To hear our esteemed editor describe it, procrastination is not a virtue. But when it comes to deck building, putting some things off can come in quite handy. For example, you really don’t need to decide on the exact size of your deck until things get under way.
Sure, you should have a pretty good idea of the basic size of the deck, whether or not there will be multiple levels and how you will get from one level to the next. But to get started you don’t need to have precision right down to the inch.
To get the full benefit of your mad procrastination skills in deck building, you need to use cantilevers, which are horizontal construction components that extend beyond their outmost vertical supports. In general, cantilevers should not extend more than 1/3 of the span rating. For example, if your beams can span 48 inches, you can cantilever out 16 inches beyond the last post.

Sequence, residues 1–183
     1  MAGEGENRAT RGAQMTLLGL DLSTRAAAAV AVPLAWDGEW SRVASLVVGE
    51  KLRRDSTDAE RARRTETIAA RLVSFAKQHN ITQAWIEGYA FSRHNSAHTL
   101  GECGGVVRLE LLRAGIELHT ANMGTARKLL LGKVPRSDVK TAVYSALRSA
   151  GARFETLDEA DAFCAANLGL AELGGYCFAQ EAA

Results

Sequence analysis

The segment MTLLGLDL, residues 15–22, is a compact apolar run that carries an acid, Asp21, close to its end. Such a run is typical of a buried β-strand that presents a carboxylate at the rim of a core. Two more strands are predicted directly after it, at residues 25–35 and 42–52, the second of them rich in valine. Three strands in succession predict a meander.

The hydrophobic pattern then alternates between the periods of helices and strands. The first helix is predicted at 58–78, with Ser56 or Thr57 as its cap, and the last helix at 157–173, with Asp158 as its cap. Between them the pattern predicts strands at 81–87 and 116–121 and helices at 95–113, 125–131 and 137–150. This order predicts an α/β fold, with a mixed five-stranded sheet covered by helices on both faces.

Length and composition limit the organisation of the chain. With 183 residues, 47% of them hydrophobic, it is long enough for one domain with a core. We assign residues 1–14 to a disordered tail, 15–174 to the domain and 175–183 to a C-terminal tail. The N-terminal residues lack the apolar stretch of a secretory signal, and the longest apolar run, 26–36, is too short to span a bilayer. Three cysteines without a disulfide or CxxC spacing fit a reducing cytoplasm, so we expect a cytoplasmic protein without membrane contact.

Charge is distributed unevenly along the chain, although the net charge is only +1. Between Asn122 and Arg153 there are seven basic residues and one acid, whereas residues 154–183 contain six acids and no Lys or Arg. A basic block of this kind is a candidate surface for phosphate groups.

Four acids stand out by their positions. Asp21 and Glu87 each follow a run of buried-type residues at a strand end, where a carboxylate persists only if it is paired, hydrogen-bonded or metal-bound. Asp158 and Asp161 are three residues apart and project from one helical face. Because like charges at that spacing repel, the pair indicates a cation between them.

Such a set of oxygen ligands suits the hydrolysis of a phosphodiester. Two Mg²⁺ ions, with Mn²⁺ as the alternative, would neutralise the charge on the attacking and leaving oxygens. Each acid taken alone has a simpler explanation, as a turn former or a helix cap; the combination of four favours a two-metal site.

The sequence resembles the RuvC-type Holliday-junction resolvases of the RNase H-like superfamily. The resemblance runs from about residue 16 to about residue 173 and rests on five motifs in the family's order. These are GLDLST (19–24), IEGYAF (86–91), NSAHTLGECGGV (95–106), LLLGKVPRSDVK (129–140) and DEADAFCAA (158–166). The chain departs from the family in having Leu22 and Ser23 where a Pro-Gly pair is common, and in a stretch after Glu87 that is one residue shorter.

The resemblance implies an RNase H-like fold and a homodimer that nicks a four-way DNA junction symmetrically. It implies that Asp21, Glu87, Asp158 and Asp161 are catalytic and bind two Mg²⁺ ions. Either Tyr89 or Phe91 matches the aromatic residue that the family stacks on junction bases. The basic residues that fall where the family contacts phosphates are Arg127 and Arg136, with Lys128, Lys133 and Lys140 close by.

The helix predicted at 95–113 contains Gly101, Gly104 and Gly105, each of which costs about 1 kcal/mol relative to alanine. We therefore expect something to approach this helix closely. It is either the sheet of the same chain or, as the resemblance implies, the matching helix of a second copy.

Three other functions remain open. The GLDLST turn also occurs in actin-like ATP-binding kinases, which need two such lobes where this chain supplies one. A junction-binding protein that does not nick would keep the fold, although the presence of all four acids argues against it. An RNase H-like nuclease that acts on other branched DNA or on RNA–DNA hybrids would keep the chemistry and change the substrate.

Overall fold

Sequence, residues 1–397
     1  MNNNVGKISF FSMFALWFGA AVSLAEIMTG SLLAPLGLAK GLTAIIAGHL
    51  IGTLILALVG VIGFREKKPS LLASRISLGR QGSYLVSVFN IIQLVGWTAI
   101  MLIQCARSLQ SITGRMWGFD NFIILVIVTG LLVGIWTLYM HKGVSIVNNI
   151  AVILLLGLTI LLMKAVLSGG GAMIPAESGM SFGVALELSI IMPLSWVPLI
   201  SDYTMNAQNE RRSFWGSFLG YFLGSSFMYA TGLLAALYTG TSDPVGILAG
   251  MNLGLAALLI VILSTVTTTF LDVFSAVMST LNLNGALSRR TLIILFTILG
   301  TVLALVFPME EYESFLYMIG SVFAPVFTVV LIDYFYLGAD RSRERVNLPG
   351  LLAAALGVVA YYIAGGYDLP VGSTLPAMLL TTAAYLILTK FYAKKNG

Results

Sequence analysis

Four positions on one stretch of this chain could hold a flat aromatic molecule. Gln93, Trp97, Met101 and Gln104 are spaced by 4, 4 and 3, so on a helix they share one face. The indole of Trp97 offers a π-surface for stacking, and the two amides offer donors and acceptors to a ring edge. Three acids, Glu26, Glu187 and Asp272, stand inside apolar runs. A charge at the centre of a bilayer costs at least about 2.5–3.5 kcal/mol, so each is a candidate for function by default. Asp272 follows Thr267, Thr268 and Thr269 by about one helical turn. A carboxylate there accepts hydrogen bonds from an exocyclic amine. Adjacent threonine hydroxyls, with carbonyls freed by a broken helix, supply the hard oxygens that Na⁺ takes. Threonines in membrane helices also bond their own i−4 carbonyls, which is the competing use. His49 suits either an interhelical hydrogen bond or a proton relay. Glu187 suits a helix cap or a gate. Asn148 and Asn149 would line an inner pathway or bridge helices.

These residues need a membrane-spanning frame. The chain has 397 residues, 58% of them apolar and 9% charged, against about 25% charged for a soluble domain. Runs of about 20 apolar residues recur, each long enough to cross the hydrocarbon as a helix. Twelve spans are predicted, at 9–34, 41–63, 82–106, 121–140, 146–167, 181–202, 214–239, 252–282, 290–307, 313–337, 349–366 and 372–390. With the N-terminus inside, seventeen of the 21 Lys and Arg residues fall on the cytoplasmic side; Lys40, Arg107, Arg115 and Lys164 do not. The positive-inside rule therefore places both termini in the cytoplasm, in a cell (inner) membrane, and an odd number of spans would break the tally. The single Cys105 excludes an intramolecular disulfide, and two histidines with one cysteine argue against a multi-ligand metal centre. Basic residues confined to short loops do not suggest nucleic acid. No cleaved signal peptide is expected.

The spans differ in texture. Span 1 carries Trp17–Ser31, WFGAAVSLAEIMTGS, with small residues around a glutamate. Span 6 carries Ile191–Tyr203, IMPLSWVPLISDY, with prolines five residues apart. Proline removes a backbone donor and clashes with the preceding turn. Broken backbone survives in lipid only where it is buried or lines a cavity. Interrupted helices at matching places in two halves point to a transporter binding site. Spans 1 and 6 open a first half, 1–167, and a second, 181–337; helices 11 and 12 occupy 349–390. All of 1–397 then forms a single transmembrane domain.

The cantilever allows you to use imprecise layouts for the footings and blocks of the post and beam system. It also means the beam spacing and the ending points of your joists do not need to be dialed in either. Another big advantage of the cantilever is that you can hide footings, block and post back under the deck and they won’t interfere with trim or skirting.
When I lay out the blocks for a post-and-beam floor system, whether it’s for a shed or a deck, I purposefully put the rows of blocks about one foot inside the finished structure in both directions. I reach the outside of the deck with cantilevered beams in one direction and cantilevered joists in the other direction.
One of the big advantages to this system of cantilevering is that the blocks do not need to be laid out precisely, other than just being in line with the beams. So the post and beam layout can be relatively square, and then as the joists get put in position they can be aligned and squared more precisely.